Heads UP! for November 2010

Great Jupiter
Venus Rising
Comet Hartley2 – Ready for its Close Up?
Hey, Dude, Where’s My Ride (to space)?
Daylight Time Ends, Early Morning Darkness Pushed Back

Great Jupiter
Jupiter is that bright dot in the sky, the first ‘star’ you can see after sunset. Jupiter will be especially noticeable when the Moon comes into Jupiter’s neighborhood on the 15th and 16th. But even a nearly-full Moon can’t drown out the king of planets. Now that Jupiter is available in prime time, get your binoculars or telescope to see up to four tiny moons very close to the planet. Jupiter is banded – just one light brown band these days – but it can be seen even in small telescopes. Jupiter is so bright now that the band may be lost in the glare of the planet. Try reducing the brightness by holding one side of a pair of sunglasses between your eye and the eyepiece so see if you can improve the contrast and see the band.

Just one binocular-wide view to the left of Jupiter is a faint ‘star’ about a little fainter than one of Jupiter’s moons. That’s our solar systems’ seventh planet, the third largest – Uranus, five times further away than Jupiter. Does it look different from the stars in the same view? Since the stars are tiny points of light due to their great distance, planets often look more substantial and flicker less, even if they are as far away as Uranus.

Venus Rising
Some sharp-eyed observers with a clear southeastern horizon looking less than one-half-hour before sunrise will spot Venus rising just before the Sun during the first week of November. Venus will look like a tiny, very thin crescent moon in binoculars or a telescope. It will be very bright, but very deep into the dawn’s early light, it will be a challenge to find.

Early risers later in the month will see Venus blazing low in the predawn sky, with the star Spica and the planet Saturn above it. In a telescope, Saturn will be the ‘star’ with the very tiny ring around it. Saturn is all the way on the other side of the solar system now, so it’s really small, but Saturn’s rings are now tipping toward us and are easier to see than when the rings were edge-on earlier this year.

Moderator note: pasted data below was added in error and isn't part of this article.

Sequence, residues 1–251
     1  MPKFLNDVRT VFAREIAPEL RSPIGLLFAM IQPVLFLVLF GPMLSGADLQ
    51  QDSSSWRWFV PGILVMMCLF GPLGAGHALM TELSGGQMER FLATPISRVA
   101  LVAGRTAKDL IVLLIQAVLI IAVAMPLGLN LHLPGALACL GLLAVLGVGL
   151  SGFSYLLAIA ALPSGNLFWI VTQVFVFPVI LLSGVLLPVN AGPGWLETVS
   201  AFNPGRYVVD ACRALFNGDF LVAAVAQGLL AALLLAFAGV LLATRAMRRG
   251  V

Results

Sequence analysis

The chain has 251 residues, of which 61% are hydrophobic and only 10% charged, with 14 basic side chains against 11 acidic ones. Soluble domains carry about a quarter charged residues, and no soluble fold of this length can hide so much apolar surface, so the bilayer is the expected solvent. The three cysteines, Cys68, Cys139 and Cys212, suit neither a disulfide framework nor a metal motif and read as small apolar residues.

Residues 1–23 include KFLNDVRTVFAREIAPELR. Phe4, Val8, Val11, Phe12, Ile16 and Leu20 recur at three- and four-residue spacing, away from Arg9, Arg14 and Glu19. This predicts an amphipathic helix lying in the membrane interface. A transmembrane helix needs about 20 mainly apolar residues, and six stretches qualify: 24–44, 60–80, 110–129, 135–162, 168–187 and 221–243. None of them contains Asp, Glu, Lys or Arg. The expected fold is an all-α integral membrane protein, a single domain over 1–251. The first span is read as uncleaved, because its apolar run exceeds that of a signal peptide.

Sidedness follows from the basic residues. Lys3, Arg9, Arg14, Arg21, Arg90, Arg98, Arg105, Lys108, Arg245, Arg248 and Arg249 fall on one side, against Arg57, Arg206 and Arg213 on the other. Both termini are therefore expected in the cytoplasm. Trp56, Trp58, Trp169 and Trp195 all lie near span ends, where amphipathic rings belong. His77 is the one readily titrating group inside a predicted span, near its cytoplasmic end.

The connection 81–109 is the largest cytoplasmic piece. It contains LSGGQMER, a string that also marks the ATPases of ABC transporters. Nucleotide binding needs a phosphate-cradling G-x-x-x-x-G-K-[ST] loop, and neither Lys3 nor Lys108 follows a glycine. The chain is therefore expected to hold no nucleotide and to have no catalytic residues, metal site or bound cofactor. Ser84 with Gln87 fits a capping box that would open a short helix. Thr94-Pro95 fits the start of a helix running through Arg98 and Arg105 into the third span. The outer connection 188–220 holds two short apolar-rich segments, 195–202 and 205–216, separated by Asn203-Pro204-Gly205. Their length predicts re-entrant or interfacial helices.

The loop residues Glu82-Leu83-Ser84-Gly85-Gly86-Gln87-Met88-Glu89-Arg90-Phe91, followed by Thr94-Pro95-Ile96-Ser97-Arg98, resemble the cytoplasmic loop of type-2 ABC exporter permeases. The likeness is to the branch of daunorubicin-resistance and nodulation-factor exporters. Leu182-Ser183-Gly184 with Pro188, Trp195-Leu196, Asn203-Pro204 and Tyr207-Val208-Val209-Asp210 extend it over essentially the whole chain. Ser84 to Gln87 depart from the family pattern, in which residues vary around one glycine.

Mercury is hard to see low in the post-sunset sky and Mars is even harder to find.

Comet Hartley2 – Ready for its Close Up?
The spacecraft formerly known as ‘Deep Impact’, will be zipping by Comet Hartley2 as it zips by the earth. Since the impact part of Deep Impact, now called EPOXi, was left on Comet Tempel, the spacecraft will be just taking pictures. Radar from the giant radio bowl in Puerto Rico indicates that Hartley2 is somewhat dumbbell-shaped. See http://www.planetary.org/blog/article/00002742/ , and watch for photos at http://epoxi.umd.edu/ during and after the closest approach of the spacecraft to Hartley2 on November 4th.

Hey, Dude, Where’s My Ride (to space)?
The next-to-last launch of the USA’s Space Transportation System was scheduled for November 1st [next attempt Nov 30], on a mission to the International Space Station to install additional modules and to provide supplies and parts for. (Shuttle Discovery’s launch was postponed to Wednesday, November 3rd.) The end of an era in American access to space is approaching. When will the next era of American human space launches begin? In the meantime, the International Space Station’s mission continues, with astronauts being ferried by Russian Soyuz spacecraft. The ISS is a bright moving dot in the evening sky through November 17th and in the morning sky from the 24th through mid-December. Check web sites for times in your location.

Daylight Time Ends before sunrise on Sunday, November 7th. During the first week of November, here in the NYC area, the sun will appear to rise later (as late as 7:30am EDT) than it does during the shortest days of December (as late as 7:20am EST), allowing extra time in the morning for astronomy through the first week of November.

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